In NB, this species was found in a red oak forest, mature hardwood forest, black spruce (Picea mariana (Mill.) BSP) forest with Populus sp., a mixed forest, and on a sea beach. Specimens were collected from decaying Tricholoma sp., a gilled mushroom, decaying sea wrack, a Lindgren funnel trap, and a flight intercept trap adjacent to a composter. Elsewhere, this species was collected from mushrooms, moose dung, a mammal burrow, birch (Betula) and maple (Acer) litter beside logs, and from an emergence trap at a wood pile; some specimens were captured in malaise and flight intercept traps. Adults were collected from March to October.

Comments

We compared the genitalia of the types of all known North American species and available illustrations of the genitalia of all Palearctic species and found none matching this species, which led to the conclusion that this species was undescribed. There are several other species of Proteinus (P. atomarius Erichson, P. basalis Mäklin, P. brachypterus (Fabricius), P. collaris Hatch, P. densipennis Bernhauer, P. limbatus Mäklin [all examined]) reported from Canada, including a number of undescribed species (in CNC), that are mostly western in distribution. However, it is beyond the scope of this publication to present a comparison of our newly described species with all of the other North American species until this genus is revised. We therefore provide comparisons only for the five species known to occur in NB. The external morphology has a limited number of diagnostic features and the shape and structure of the median lobe of the aedeagus are the most reliable for species level identification.

Proteinus hughesi, P. parvulus, and P. sweeneyi are very similar in coloration and general habitus but differ most notably in characters of the pronotum, middle tibia, and the shape of the aedeagus (Figs 2, 6–7, 11) in the males. Males of P. hughesi have a row of peg-like setae along the inner margin of the mesotibia, which are absent in P. parvulus and P. sweeneyi (Fig. 1). The mesotibia of P. parvulus bears a small fin-like projection at the apex of the inner margin (Fig. 5), while in P. sweeneyi the middle tibia is without any modification of the inner margin (Fig. 10). Females are more difficult to separate but they differ in the shape and microsculpture of the pronotum. In P. sweeneyi, the pronotal microsculpture is dilated laterally and basally, becoming isodiametric only near the center; in P. parvulus and P. hughesi, the microsculpture is isodiametric on nearly all of the pronotum. In P. hughesi, the pronotum is widest near the base, with the lateral margins arcuate on the anterior third, then straight to the almost rectangular hind angles; in P. parvulus, the lateral margin is arcuate throughout, with the widest point near the middle and the hind angle is obtuse. Proteinus acadiensis and P. pseudothomasi differ from the above three species by their coloration (light brown or reddish brown), the lack of modification of the middle and hind legs in the males (the middle tibia is arcuate in P. acadiensis), and the shape of the genitalia (see Figs 4, 31, 32 for P. pseudothomasi and Figs 5, 33 for P. acadiensis in Klimaszewski et al. (2005)).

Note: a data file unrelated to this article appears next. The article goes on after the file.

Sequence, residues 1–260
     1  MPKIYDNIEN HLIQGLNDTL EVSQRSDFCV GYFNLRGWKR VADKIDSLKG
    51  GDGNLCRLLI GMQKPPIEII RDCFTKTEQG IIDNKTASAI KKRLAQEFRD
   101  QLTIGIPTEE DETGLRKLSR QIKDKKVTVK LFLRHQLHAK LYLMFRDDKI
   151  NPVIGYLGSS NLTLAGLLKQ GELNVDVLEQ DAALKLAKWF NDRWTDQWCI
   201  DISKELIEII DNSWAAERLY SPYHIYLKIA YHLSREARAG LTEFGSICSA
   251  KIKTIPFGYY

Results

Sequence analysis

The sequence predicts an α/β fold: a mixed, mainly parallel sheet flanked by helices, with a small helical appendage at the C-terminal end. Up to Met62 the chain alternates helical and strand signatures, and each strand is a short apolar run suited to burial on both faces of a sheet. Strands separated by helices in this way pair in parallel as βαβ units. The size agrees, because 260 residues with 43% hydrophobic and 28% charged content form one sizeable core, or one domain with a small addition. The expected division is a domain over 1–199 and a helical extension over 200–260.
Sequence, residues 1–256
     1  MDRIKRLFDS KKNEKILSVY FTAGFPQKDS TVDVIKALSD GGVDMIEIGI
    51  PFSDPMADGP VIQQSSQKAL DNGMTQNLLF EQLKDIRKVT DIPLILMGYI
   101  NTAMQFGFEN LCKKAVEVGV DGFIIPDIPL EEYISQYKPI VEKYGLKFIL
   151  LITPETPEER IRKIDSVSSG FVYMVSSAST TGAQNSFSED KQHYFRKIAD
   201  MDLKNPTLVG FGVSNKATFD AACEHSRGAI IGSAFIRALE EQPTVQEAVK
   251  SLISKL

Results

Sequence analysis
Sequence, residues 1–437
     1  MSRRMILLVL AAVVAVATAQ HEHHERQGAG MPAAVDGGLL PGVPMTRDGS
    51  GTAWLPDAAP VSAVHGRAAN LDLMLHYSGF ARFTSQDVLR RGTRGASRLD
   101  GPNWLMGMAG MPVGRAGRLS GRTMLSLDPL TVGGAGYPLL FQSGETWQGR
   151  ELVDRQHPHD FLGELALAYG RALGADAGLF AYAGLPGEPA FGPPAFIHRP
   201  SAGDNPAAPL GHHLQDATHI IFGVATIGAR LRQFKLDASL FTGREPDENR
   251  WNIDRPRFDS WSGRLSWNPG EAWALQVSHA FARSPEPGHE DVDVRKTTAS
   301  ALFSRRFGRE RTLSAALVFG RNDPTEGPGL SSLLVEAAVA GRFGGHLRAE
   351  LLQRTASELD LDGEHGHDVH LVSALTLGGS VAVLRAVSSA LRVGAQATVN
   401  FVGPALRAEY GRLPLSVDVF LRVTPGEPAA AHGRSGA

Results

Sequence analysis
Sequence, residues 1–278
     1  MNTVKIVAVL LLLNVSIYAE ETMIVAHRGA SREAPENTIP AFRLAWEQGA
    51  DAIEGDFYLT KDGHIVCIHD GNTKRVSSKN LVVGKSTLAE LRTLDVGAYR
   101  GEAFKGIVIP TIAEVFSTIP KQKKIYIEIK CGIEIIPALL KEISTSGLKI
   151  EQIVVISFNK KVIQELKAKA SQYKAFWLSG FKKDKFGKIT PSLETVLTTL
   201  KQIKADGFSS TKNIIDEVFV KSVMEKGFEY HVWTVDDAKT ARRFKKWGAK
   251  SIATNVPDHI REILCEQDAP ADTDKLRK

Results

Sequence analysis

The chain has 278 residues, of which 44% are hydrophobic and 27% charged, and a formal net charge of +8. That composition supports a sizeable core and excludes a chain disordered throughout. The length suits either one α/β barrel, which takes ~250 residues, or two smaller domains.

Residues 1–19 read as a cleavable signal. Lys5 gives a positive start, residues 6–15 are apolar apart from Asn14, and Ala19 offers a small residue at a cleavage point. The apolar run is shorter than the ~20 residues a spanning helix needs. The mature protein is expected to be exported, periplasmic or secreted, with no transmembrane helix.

Subfamily Tachyporinae MacLeay, 1825

The Tachyporinae occurring in NB were reviewed by Webster et al. (2012e). They recorded 23 species for the province for the first time. Here, we report three additional species.

Tribe Mycetoporini C.G. Thomson, 1859

Mycetoporus rufohumeralis Campbell, 1991

Material examined

New Brunswick, Queens Co., Grand Lake Meadows P.N.A., 45.8227°N, 66.1209°W, 5-17.VIII.2011, M. Roy & V. Webster // Old silver maple forest & seasonally flooded marsh, Lindgren funnel trap (1, RWC).

Distribution in Canada and Alaska

AK, YT, BC, AB, ON, NB, NS (Bousquet et al. 2013).

Natural history

One individual was captured in a Lindgren funnel trap in an old silver maple (Acer saccharinum L.) forest. Campbell (1991) reported this species from river debris and moss and leaf litter.

Tribe Tachyporini MacLeay, 1825

Sepedophilus immaculatus (Stephens, 1832)†

Figs 14–15

Material examined

New Brunswick, York Co. 15 km W of Tracy, off Rt. 645, 45.6848°N, 66.8821°W, 16-30.VI.2010, R. Webster & C. MacKay, coll. // Old red pine forest, Lindgren funnel trap (1 ♂, RWC).

Distribution in Canada and Alaska

NB (New North American record). This is the first record of this Palaearctic species for North America. Sepedophilus immaculatus is a common species in Europe, occurring in southeastern, eastern, middle Europe, the southern part of northern Europe to western Siberia, Great Britain south to Algeria, Tunisia, Cyprus, Iran, Lebanon, and Turkey (Schülke & Smetana 2015: 472).

Natural history

In Europe, S. immaculatus occurs in various forest types and habitats, including beech (Fagus) forest, steppe with shrubbery, mixed hardwood forest, mixed forest, Quercus forest, flood plain forest, QuercusCarpinus [oak–hornbeam] forest, and stream ravine (Schülke 2011). Specimens were found in leaf litter, a pinewood wood pile, flood debris, in refuse, vinegar trap, chestnut bark, and sifted from litter in a Platanus tree hole in the above habitats.